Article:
In a double whammy of sorts, the stock markets had to grapple with the sudden resignation of Urjit Patel as Reserve Bank of India (RBI) governor and a defeat of the ruling Bharatiya Janata Party (BJP) in key state elections.
The markets, for some strange reason, not only shrugged these events off, but celebrated them.
The exuberance was most visible in stocks of banks and non-banking financial companies, many of which have risen over 10% in the past three trading sessions.
As was pointed out earlier this week, the markets are heaving a sigh of relief at Urjit Patel’s resignation, given the central bank’s tough stance on matters such as regulation of banks under him.
Shaktikanta Das’s appointment as RBI governor is being cheered, as he is seen as more approachable and responsive to the demands of companies and markets. Stocks of public sector banks, whose lending activities have been reined in by RBI, are also making merry on the expectation that these restrictions will be lifted.
This is the typical lopsided, short-term thinking stock market traders are well-known for. Easy regulations result in quick profits; if it means that some institutions may go bust as a result in the long run, traders will typically leave those worries for later. In any case, trading behaviour is largely guided by narratives that are trending on the Street.
As one forex trader had famously put it to the Wall Street Journal years ago: “Ninety per cent of what we do is based on perception. It doesn’t matter if that perception is right or wrong, or real. It only matters that other people in the market believe it. This business turns on decisions made in seconds. If you wait a minute to reflect on things, you’re lost."
For now, the perception of the Street is that banks and other institutions that struggled to grow under a tight regulatory regime will flourish under easier regulations.
It’s another matter that, not too long ago, most of us were ruing the fact that regulatory forbearance was also to blame for their poor financial state. In fact, the clean-up in the banking system was rightly being lauded as one of the key policy achievements in recent years.
To now fall for the argument that “regulatory forbearance is the need of the hour", is silly. “The markets’ enthusiasm over certain bank and financial stocks goes beyond short-termism. It is retrograde. Instead of appreciating that a clean-up of the system results in long-term gains, the market is excited about the prospect of an easing of regulations for firms that managed their managed their balance sheets poorly, " says Venkatesh Panchapagesan, associate professor of finance at Indian Institute of Management-Bangalore.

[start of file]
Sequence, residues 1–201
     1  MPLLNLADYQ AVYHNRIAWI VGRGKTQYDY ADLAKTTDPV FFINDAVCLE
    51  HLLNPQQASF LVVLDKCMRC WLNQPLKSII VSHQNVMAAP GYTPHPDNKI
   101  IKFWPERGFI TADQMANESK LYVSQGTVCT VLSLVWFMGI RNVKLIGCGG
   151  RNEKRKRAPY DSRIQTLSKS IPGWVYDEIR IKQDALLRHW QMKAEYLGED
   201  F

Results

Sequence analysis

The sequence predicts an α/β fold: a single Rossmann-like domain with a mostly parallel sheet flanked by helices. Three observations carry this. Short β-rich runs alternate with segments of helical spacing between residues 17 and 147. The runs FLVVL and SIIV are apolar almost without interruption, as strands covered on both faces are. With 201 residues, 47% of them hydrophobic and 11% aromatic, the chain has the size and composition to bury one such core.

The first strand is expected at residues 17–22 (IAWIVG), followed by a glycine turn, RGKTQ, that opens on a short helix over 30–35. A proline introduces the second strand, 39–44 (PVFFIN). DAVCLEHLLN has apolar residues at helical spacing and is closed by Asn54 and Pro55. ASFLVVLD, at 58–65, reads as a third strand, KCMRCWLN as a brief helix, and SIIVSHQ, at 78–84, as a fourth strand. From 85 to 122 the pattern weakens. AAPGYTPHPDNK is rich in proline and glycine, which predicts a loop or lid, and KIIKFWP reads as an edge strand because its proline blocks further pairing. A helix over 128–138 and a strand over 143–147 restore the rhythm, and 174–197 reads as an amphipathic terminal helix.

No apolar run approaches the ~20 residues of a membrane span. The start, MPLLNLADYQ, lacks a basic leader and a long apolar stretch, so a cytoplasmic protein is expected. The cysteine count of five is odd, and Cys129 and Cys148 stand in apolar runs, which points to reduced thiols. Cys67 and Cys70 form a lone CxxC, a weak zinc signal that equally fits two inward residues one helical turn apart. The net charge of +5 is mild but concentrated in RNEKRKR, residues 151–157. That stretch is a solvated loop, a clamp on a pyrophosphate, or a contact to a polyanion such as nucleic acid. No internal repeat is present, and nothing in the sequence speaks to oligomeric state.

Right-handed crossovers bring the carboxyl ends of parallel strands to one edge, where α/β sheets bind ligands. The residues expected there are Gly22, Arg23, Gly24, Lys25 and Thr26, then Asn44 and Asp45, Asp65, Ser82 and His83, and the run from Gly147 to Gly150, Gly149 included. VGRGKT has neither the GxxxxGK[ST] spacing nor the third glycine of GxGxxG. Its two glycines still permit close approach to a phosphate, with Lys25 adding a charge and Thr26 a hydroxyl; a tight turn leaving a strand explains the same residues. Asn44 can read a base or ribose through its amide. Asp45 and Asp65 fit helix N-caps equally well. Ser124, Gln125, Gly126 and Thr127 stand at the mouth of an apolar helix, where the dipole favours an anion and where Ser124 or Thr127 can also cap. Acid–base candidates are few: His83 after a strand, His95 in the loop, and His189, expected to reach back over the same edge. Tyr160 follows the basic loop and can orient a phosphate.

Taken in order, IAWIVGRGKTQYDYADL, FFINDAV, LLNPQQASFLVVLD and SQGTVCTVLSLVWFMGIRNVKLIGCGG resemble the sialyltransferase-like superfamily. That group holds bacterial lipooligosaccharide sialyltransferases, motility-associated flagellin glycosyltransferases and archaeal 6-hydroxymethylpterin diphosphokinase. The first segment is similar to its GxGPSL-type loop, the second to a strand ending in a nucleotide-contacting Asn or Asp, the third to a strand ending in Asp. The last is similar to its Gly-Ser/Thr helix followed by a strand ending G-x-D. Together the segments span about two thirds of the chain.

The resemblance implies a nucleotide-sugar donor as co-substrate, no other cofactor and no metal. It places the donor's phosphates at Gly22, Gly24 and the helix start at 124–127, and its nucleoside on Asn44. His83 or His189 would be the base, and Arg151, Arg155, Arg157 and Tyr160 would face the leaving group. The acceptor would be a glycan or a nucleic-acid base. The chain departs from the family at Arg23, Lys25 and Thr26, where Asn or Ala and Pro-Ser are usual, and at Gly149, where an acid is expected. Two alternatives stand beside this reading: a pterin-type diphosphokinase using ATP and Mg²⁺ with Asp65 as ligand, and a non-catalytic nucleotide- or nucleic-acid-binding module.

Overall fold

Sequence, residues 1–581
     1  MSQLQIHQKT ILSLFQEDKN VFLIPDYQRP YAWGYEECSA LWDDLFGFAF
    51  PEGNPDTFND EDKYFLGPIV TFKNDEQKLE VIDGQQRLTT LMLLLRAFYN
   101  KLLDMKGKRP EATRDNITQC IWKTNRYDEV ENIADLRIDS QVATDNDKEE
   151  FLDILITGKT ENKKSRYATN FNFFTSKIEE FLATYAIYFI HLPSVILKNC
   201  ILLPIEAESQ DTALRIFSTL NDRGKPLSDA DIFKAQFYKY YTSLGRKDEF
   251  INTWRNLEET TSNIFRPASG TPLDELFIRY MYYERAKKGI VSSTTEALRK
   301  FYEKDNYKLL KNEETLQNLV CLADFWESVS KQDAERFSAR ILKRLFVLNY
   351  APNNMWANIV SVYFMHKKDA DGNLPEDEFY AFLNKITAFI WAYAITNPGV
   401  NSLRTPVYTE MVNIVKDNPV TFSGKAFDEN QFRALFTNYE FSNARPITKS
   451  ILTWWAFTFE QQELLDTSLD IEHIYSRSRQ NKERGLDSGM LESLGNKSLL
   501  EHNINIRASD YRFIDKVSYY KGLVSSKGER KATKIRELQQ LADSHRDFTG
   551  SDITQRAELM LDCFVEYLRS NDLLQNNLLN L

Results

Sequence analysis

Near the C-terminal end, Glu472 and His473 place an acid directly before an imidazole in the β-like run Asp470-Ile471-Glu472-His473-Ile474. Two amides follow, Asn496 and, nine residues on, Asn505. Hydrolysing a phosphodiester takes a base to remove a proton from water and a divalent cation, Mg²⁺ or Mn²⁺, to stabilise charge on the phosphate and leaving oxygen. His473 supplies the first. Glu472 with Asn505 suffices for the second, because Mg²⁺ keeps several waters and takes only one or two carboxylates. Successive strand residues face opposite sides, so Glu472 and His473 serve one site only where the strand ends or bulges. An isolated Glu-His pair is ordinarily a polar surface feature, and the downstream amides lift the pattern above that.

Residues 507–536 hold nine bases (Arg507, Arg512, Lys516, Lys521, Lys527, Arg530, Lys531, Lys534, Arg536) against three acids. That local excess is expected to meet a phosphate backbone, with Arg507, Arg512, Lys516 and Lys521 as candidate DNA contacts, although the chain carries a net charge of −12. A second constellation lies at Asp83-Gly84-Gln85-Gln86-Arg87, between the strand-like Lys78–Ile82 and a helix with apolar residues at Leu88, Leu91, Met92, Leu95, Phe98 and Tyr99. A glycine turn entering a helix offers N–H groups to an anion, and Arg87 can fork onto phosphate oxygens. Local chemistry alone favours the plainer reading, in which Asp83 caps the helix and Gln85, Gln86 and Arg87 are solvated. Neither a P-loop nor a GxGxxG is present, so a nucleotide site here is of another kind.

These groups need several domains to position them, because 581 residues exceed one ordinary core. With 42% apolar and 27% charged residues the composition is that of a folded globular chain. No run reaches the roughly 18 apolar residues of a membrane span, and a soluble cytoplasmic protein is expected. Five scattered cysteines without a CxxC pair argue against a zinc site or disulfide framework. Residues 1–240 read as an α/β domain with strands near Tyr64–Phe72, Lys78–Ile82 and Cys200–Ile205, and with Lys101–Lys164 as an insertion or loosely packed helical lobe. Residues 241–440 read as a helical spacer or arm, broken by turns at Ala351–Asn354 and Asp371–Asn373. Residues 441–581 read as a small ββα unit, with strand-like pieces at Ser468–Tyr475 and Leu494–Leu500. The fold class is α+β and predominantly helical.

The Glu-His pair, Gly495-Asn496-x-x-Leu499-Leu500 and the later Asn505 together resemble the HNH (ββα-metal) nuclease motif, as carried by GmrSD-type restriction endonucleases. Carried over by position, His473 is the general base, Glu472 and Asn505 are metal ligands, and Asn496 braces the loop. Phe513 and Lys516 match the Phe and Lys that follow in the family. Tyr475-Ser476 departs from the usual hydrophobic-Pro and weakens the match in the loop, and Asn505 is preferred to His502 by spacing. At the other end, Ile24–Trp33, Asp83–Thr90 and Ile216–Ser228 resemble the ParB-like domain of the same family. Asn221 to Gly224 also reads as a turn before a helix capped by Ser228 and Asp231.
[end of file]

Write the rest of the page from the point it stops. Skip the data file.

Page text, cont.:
“If, as the market hopes, regulations are eased for poorly run financial institutions, it creates a moral hazard. Rather than push institutions to operate more efficiently, this will send the message that lobbying for easier regulations is a more lucrative course to follow."
Evidently, the markets have no patience for these arguments at present. As the economist John Maynard Keynes said, stock market traders are like beauty-contest judges who vote on the basis of expected popularity with other judges, and not on the basis of absolute beauty.
It’s fair to ask the question: “Why worry about short-term excesses of the stock market; why not leave it to its own devices?"
By all means, except when there is the likelihood of using market reactions to legitimise questionable policy measures. Lobby groups have already been pushing for an ease on the regulatory front with regards to banks and financial institutions. In this backdrop, it’s tempting to see the recent reaction of the stock markets as a proxy for a popular vote, and RBI as an unnecessary hurdle against a policy that everyone agrees is good for the economy.
But let’s not get carried away by the messages the markets give, as a former chairman of the Securities Commission, Malaysia, had warned. “We have become rather overawed by financial markets; not without reason, just look at their size and sophistication. But let’s not confuse form and substance. Rather like the late Arthur Ashe once said of the then young and brash John McEnroe, the market can be immature beyond its years," Dr Mohd Munir Abdul Majid said about twenty years ago.
Not much has changed since.